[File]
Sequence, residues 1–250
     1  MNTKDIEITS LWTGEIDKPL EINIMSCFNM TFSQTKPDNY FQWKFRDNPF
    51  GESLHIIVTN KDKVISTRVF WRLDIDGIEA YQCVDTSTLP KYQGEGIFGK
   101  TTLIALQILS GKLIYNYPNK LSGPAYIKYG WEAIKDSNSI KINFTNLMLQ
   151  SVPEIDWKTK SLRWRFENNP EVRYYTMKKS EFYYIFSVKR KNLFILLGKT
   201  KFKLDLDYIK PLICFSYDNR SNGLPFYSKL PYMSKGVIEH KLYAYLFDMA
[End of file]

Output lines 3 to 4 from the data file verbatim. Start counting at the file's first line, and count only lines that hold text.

    51  GESLHIIVTN KDKVISTRVF WRLDIDGIEA YQCVDTSTLP KYQGEGIFGK
   101  TTLIALQILS GKLIYNYPNK LSGPAYIKYG WEAIKDSNSI KINFTNLMLQ